Why is the Périgord the land of Cro magnon's man?
The Dordogne and in particular the Vézère valley (known as the Man's Valley) is world famous for its prehistoric riches. You will discover the famous Cave of Lascaux, as well as the PIP (International pole of Prehistory) and many theme parks on the prehistoric period and even folklore sometimes obliges on the dinosaurs.
In fact there were certainly no more prehistoric men in the Dordogne than elsewhere. It is possible, however, that our people were attracted by favorable conditions, offering the essential resources: game, fish, fruit and berries and flint for the manufacture of the tools of which the Périgord abounds.
But the abundance of Remains In Périgord is explained on the one hand by the geological environment which allowed Conservation Excellent Remains In caves and sub-rock shelters where the limestone white rock protected them from the elements of erosion or human and on the other hand by the abundant research and studies that have fuelled our knowledge for more than 150 years.
Sometimes you just have to look to find...
In the valley of the Vézère (also called the Valley of Man) which owes its name to the river that crosses it, is one of the most impressive collection of prehistoric world sites: deposits, places of life, painted or engraved caves or sites Troglodytes. Fifteen of these places have been enrolled in the UNESCO World heritage.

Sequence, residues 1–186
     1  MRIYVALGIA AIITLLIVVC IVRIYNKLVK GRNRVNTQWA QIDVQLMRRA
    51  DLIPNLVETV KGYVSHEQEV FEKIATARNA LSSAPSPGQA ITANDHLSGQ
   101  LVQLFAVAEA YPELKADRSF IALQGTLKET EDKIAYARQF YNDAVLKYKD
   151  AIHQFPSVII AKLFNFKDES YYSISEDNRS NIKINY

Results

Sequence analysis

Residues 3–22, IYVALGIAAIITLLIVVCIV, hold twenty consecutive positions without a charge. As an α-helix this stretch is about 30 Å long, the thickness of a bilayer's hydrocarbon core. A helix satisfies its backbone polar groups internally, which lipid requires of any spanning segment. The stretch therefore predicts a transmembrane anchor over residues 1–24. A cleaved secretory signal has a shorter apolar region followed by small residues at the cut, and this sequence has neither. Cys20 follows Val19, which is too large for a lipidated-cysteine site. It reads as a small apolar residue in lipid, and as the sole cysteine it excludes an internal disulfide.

Lascaux International Center of parietal Art
The Cave of Lascaux is the most famous of the caves adorned by the Paleolithic by the number and the aesthetic quality of its works. It is dubbed "the Sistine Chapel of parietal art"
The paintings and engravings it contains have not been subject to specific direct dates: their age is estimated to be between about 18 000 and 17 000 years.
La Roque Saint Christophe: an exceptional troglodyte site
A majestic site overlooking the Vézère valley, perched at dozens of feet high, a long notch in the cliff that has sheltered men since the dawn of time.
You will discover reenactments of prehistoric scenes, a forge, a medieval kitchen, equipment used for the development of the site through the eras
To know everything, Discover the detailed page of La Roque Saint Christophe
An engraved cave:: Bara Bahau
The cave of Bara-Bahau (or Bara-Bao), one hundred metres long, is one of the ornate caves of the Vézère Valley.
It is of geological interest, particularly by its eccentric concretions, and predominantly prehistoric, by the wall engravings it contains. It takes its name from a local Occitan onomatopoeia which means "Badaboum" in reference to collapsed blocks visible in the first room. Learn more about the